To the FOMC and Jay Powell, it supposedly adds up to the same thing regardless. A strong labor market indicating how great it is underneath all the headwinds.
And then there’s repo. Just a couple of overnight operations, he said. Maybe add a few term auctions. Then turn auctions. How about raising the level of bank reserves (not QE), but only a little way into the new year (2020)? Now at least April.
In terms of what affects markets, I think many things affect markets. It’s very hard to say with any precision at any time what is affecting markets. What I can tell you is that you know what our intention is: It is to return reserve to an ample level. We expect that to happen during the second quarter and our plan, as we do that, is as those purchases get to that level we believe we can gradually reduce them and we believe we can also gradually reduce repo as we reach an ample level.
What the hell, Jay?
His answer was in response to a question about the obvious relationship between balance sheet maneuvers and stock prices, the self-fulfilling prophecy of the puppet show; get the world to believe QE or not-QE is “money printing” and then sit back and watch as investors (more often portfolio managers) act as if it is in order to buy up shares at higher and higher prices with it never once making a difference that Powell is technically correct about QE not directly being a monetary input for stocks.
Or a monetary input at all.
Alas, repo. Shouldn’t it make a monetary difference there? It isn’t, not in the way it is supposed to. If it had been, these non-repo repo interventions of not-QE and other assorted operations wouldn’t have been necessary in the first place. The problem isn’t what the Fed is doing, or keeps doing, it is what the rest of the private system so clearly isn’t.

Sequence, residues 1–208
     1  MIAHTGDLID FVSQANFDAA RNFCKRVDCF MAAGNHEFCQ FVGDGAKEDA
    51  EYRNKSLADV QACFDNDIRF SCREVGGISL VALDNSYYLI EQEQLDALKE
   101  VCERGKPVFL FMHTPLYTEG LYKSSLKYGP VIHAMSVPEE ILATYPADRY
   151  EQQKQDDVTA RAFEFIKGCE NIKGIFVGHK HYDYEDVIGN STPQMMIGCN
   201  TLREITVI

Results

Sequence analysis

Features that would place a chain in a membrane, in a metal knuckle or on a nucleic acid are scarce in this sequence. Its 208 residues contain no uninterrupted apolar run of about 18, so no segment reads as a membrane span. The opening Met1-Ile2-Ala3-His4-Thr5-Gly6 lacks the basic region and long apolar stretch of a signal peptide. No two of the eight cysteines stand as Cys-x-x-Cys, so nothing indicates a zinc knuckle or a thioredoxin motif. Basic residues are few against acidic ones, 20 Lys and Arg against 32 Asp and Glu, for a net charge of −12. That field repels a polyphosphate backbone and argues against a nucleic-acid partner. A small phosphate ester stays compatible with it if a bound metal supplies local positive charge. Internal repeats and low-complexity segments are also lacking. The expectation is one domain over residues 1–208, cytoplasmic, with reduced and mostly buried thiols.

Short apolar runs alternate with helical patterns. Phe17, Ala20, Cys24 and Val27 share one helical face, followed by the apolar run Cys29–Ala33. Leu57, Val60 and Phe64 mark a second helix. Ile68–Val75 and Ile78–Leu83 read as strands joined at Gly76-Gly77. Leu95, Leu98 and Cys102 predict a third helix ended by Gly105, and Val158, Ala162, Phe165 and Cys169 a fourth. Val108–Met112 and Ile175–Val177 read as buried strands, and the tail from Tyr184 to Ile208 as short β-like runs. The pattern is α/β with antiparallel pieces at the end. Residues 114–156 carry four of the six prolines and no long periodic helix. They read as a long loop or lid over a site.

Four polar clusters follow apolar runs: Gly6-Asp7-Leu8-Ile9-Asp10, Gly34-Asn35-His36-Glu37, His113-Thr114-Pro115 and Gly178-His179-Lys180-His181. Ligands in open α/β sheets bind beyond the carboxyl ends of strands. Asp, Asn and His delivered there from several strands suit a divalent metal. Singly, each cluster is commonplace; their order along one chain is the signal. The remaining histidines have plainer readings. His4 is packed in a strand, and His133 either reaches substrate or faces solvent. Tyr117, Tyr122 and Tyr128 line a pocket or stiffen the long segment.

The Federal Reserve is raising the level of public reserves which everyone can see (rather the whole point) without any mention of what must be going on with private reserves most people cannot because they don’t know a single thing about them…
They said raising the level of public reserves from zero would solve the crisis; it didn’t. They then said an even higher balance of public reserves would repair the damage and create a recovery; it didn’t. Finally, they said those things had been accomplished anyway, a fact which would be made known by the anticipated trouble-free hand-off from B to C, paving the way for the world to be able to go back to normal; didn’t happen, either.
For a whole decade, all anyone has talked about was public reserves. In light of yet another false dawn, taking a step back, you might instead get a sense that they just don’t matter all that much. But even now, they continue to be the only thing on anyone’s mind.
From economy to money markets, that private system never performs as desired. There’s always headwinds and they are always transitory. Jay Powell’s missing inflation, like repo’s missing money, isn’t actually so hard to find if you realize you should be looking for them. That’s the key.
The only place where QE does “work” is in the stock market which simply invents new ways to rationalize stretching valuations.
I never said the Federal Reserve wasn’t good. At money, it is terrible. In the economy only false dawns. Complete bungling and incompetence. But money isn’t actually a central bank’s job; managing expectations is. Therefore, the Fed has performed splendidly. After a decade of having to constantly explain away the lack of recovery, it has convinced the world it happened anyway. So successful have they been, the biggest problem truly menacing Jay Powell today is stock prices being too optimistic.